Please note that this does not depict my stock performance only but is an overall net worth. I feel this is a more accurate picture of all my investments, not just stocks. As you can see there were only two years that I had a negative return. The graph shows the dollar figure of my net worth (numbers removed for obvious reasons) in red and the green at the bottom is the amount by which my net worth increased or decreased (the chart in graph form).

None of this can be achieved without a plan and the discipline to stick with it. Do you have a plan for how to increase your net worth each year? Share your techniques in the comments section.


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Sticking with the Plan

PlanningWhat Next is more than just searching for new ideas, new challenges. What next is also about planning and preparation. I write “It’s not the plan for the expected outcome that saves you, it’s the plan for the unexpected outcome that does.” Planning for the unexpected means leaving yourself options for almost any circumstance.

Financial decisions play a large role in our lives (which is why I became interested in Going Downfinancial planning) and with the recent market mayhem, planning has proven its worth. But this insanity in the market pales in comparison to 2008. From May 2008 until March 2009 stocks lost around 50% or more of their value. A lot of people couldn’t handle watching their retirement nest egg dwindle away so they sold. They sold because they reacted, because they had no plan.

A new study by Fidelity Investments has some important information about what happened to those people who panicked and what happened to those who had a plan, who didn’t react without thinking.

401k investors who reduced their stock allocations to zero between October 1, 2008 and March 31, 2009 and kept it that way until June of 2011, saw an increase in their 401k of only 2%. The investors who reduced stocks to zero but began investing again sooner than June 2011 saw an increase of 25%, much better. But the people who stuck with stocks, and continued investing, in spite of the precipitous decline, saw their 401k balance increase by – are you ready for this – 64%!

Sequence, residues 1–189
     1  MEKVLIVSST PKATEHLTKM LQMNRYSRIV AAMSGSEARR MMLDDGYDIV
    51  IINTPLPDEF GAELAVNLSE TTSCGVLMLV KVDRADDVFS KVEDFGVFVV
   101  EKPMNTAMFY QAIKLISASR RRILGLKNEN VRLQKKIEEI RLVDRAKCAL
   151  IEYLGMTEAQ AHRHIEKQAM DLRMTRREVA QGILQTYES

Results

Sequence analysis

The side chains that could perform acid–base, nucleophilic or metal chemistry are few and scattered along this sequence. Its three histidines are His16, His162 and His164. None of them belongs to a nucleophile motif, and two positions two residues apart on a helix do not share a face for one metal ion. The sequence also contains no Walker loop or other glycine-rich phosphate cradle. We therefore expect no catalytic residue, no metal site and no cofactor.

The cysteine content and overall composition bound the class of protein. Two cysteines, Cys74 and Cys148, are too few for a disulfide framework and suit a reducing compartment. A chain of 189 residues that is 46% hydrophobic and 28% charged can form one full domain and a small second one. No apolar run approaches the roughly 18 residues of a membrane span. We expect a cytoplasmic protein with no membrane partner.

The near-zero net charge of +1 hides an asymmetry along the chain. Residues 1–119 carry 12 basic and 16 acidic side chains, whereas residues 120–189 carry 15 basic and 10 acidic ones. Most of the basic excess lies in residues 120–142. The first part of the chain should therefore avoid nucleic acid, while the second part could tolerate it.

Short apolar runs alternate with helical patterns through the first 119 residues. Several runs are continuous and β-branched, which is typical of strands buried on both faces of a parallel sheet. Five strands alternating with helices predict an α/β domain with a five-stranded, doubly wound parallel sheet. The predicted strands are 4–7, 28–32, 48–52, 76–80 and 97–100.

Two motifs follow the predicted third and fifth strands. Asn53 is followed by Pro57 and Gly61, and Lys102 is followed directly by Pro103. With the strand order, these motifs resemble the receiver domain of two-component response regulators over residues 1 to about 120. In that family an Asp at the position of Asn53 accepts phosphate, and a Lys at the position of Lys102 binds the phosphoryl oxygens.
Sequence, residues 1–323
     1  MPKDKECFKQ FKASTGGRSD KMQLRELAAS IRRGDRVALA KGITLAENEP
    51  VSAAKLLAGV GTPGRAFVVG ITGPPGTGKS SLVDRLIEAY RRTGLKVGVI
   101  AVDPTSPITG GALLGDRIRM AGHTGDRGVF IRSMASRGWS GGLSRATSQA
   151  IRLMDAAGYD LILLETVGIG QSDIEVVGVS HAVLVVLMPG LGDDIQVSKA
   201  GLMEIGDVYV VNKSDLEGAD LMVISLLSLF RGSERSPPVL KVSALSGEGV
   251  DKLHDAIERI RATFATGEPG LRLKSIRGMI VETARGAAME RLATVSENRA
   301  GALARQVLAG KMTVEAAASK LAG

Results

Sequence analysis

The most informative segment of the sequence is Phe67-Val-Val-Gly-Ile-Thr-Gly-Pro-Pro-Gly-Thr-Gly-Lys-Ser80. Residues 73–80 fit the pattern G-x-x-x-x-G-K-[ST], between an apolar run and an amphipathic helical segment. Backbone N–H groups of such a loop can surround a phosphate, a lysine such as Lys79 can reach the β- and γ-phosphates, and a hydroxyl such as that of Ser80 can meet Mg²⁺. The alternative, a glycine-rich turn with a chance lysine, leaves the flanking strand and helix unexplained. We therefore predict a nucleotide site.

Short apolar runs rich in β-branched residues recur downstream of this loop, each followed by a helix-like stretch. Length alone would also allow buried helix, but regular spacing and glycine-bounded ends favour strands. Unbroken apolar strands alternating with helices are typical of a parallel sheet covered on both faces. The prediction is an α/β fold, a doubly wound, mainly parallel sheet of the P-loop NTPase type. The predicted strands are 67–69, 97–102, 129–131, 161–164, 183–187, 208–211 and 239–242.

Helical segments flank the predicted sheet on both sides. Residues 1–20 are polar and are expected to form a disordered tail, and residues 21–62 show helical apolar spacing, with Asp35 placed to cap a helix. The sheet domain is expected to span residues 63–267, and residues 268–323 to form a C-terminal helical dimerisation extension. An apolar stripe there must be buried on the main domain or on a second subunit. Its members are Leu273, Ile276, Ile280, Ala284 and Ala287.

These people had a plan and they stuck with it. Warren Buffett’s Berkshire Hathaway has had a large amount of cash available and they’ve done nothing with it for years. Now, however, Buffett says he’s buying stocks that are “on sale.” “Be fearful when others are greedy, and be greedy when others are fearful,” says Buffett. His plan was, and is, to buy stocks that he feels are undervalued and that doesn’t happen when the economy is doing great.

I did not expect stocks to decline as much and as quickly as they have but my planning has allowed me to do two very important things. First I’ve increased the amount of money I’m contributing to my 401k. Increased, not decreased! And second, I’ve used money I didn’t invest as the market went up to buy stocks that are now “on sale.” I’m no Warren Buffett but I have a plan and I’m sticking with it.